If the market growth rate is slow or moderate, in-house or contracted R&D may be the best means to obtain the technology. On the other hand, if the market is growing very fast and competitors are rushing in, the "window of opportunity" may close before the technology has been developed by the new entrant. In this case, it is better to acquire the technology and related know-how, in order to enter the market before it is too late.


Inherently, technology development is always riskier than technology acquisition because the technical success of R&D cannot be guaranteed. There is always the risk that the planned performance specifications will not be met, that the time to project completion will be stretched out, and that the R&D and manufacturing costs will be higher than forecasted. On the other hand, acquiring technology entails a much lower risk, since the product, process, or service, can be seen and tested before the contract is signed.

Regardless of whether the technology is acquired or developed, there is always the risk that it will soon become obsolete and be displaced by a superior technology. This risk cannot be entirely removed, but it can be considerably reduced by careful technology forecasting and planning. If market growth is slow, and no winner has emerged among the various competing technologies, it may be wiser to monitor these technologies through "technology gatekeepers" and be ready to jump in as the winner emerges.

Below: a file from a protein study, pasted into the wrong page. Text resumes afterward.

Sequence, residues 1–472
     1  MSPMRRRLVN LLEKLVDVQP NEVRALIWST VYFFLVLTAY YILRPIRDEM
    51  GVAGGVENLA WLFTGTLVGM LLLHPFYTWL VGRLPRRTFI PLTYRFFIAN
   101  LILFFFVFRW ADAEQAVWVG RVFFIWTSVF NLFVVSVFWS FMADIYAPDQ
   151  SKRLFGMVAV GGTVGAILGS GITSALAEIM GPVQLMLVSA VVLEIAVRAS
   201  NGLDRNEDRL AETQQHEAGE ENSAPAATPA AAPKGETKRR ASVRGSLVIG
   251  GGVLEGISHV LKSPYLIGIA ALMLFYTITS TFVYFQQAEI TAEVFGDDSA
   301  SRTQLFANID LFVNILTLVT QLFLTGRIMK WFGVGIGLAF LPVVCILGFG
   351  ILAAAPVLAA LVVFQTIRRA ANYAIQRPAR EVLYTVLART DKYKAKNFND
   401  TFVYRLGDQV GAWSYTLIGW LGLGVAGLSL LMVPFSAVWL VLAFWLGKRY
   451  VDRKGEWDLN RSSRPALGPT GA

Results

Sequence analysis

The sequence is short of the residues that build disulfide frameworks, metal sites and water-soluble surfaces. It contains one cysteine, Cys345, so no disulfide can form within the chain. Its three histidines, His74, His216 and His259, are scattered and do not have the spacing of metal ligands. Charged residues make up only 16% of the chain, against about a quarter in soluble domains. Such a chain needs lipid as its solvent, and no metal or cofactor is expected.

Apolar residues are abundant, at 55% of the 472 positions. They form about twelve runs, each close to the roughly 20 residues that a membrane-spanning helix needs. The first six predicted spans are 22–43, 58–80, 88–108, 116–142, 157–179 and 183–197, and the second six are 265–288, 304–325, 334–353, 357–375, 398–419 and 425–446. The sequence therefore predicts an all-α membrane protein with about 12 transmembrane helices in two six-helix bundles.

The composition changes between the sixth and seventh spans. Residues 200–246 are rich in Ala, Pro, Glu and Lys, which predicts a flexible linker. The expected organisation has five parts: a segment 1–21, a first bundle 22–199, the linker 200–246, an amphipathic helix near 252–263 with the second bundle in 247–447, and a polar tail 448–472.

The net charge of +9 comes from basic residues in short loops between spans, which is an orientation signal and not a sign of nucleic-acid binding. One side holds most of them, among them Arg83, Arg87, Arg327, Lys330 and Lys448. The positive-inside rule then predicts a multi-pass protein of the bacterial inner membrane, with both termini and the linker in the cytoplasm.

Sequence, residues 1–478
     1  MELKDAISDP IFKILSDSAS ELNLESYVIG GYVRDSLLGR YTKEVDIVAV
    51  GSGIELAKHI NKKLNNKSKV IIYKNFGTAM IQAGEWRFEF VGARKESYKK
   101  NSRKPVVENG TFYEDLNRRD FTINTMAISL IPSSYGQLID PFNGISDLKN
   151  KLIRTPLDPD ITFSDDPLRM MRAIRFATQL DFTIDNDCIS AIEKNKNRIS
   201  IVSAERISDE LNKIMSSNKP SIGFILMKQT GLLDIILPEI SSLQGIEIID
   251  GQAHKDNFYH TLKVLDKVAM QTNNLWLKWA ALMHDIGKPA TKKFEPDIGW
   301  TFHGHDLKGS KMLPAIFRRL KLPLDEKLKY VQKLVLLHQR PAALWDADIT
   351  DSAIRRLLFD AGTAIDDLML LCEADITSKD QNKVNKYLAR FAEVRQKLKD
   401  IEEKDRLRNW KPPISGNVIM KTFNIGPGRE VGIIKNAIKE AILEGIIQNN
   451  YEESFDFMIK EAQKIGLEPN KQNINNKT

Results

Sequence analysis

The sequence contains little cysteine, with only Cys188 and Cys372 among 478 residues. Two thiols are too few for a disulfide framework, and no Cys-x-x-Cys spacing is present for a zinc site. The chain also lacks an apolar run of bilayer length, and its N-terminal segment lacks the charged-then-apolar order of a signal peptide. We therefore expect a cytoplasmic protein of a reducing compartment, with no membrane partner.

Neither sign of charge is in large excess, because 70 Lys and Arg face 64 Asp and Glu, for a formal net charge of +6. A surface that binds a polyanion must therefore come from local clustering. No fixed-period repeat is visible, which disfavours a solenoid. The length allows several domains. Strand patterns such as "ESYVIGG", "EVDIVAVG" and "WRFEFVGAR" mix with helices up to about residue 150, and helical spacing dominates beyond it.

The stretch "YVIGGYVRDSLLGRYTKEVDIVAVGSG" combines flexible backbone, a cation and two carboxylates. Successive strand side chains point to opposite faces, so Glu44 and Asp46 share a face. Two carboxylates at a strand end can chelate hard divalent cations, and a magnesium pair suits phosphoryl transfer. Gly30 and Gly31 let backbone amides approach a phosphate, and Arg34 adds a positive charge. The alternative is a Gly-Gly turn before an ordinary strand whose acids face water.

For a successful product line with relatively long life, acquisition of technology is more costly, but less risky, than technology development. Normally, royalties are paid in the form of a relatively low initial payment as "earnest money," and as periodic payments tied to sales. These payments continue throughout the period of validity of the license agreement. Since these royalties may amount to 2 to 5 percent of sales, this creates an undue burden of continuing higher cost to the licensee, everything else being equal.